Covid-19 pandemic — scarier than the Japanese army

Recalling the scary moments of colonial life, Dah Cha says today she is even more afraid of the Covid-19 pandemic which she describes as an unseen enemy. Photo: Bernama

KANGAR: At a traditional Malay house, a nonagenarian was seen sitting on a rickety wooden chair, staring at the rice fields while singing Japanese songs that she learned during the Japanese occupation in Malaya.

Recalling life during the colonial times, Dah Cha, 95, or fondly known as Nek Dah, said the Japanese army was fierce and villagers, especially young ladies, were afraid to leave their homes.

However, compared to the past, Nek Dah said today she was more afraid of the Covid-19 pandemic which she described as the unseen enemy.

“In the old days, the people were scared of the Japanese force because they wanted to conquer our land, and they were cruel enough to kill people. However, today’s generation is facing the deadly Covid-19 pandemic that can kill just about anyone.

“This makes me scared of Covid-19 compared to the Japanese army because we can run and hide if we saw them, but this new enemy (Covid-19) is invincible,” she told Bernama when met at her house in Kampung Padang Jawa here, recently.

Although her memory was a bit faded, Nek Dah was often assisted by her daughter Gayah Ahmad, 66, in remembering old times and being aware of the current situation.

“At that time, we were scared to go to school. I only managed to go until Standard Three before my mother asked me to quit school because she was fearful of the Japanese army. Now, the younger generation is worried to go to school because of Covid-19 and, the schools are also closed,” she said.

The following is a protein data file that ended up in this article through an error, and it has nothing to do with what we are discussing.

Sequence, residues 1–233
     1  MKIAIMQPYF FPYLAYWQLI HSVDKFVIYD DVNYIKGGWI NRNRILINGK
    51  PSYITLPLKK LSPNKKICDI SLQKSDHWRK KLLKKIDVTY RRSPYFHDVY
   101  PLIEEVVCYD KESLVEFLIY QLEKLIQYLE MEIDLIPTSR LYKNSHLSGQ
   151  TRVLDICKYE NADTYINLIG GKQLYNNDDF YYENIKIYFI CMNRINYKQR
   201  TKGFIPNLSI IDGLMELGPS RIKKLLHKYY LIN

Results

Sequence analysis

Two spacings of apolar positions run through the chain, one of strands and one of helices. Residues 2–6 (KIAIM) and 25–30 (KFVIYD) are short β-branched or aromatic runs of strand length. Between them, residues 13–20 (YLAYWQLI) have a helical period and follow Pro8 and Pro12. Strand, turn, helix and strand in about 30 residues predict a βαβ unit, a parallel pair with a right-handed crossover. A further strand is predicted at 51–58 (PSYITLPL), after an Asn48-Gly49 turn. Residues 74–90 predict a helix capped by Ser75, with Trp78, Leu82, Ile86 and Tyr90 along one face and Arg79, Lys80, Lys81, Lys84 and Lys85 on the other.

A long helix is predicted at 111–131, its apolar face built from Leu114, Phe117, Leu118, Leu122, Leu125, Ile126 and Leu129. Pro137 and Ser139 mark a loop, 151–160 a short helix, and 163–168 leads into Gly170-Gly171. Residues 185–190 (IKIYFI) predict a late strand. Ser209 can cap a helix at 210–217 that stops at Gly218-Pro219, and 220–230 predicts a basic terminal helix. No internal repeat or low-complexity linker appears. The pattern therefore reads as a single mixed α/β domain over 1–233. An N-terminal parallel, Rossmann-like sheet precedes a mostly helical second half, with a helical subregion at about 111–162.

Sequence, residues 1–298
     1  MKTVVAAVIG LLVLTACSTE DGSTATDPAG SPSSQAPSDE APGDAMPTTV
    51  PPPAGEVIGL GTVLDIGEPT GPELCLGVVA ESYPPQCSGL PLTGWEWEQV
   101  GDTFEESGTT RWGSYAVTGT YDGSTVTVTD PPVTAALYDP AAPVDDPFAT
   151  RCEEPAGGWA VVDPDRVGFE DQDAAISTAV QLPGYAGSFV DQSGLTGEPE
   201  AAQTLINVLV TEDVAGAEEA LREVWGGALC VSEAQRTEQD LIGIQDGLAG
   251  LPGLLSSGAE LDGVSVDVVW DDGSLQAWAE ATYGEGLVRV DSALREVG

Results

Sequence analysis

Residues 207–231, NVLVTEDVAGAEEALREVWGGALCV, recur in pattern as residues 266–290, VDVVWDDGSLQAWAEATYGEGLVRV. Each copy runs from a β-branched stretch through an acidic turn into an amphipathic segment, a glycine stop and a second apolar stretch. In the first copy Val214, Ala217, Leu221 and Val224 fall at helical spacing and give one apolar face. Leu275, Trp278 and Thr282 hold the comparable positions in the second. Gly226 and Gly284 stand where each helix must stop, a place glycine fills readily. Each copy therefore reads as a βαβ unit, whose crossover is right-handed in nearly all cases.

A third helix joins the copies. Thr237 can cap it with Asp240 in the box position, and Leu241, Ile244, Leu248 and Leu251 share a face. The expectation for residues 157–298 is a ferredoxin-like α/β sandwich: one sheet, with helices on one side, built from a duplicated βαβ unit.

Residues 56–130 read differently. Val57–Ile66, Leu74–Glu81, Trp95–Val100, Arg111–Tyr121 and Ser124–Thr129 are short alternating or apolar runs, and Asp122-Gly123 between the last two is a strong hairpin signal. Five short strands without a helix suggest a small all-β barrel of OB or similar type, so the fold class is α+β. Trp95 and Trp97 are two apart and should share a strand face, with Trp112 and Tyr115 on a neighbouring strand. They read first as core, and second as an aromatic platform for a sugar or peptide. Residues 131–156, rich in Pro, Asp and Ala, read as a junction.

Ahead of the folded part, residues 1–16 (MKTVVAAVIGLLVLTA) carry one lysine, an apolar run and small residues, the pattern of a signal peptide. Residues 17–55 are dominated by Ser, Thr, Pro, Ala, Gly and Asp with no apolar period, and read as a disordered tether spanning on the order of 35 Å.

The mother of four said she never thought that her grandchildren and great-grandchildren would face a relatively similar situation during the Japanese occupation where people were afraid to leave home because they don’t know what kind of danger might have awaited.

Elaborating, Nek Dah said her mother prohibited her from leaving home and she would only help her transplant rice seedlings at the paddy field near the house.

To avoid being recognised by Japanese soldiers, Nek Dah said she would cover her head and face with batik cloth and this was no different to the current situation where the people were required to wear face masks to prevent Covid-19 infection.

Therefore, she said all quarters must work together to fight Covid-19 and ‘free’ the country from the pandemic threat. – Bernama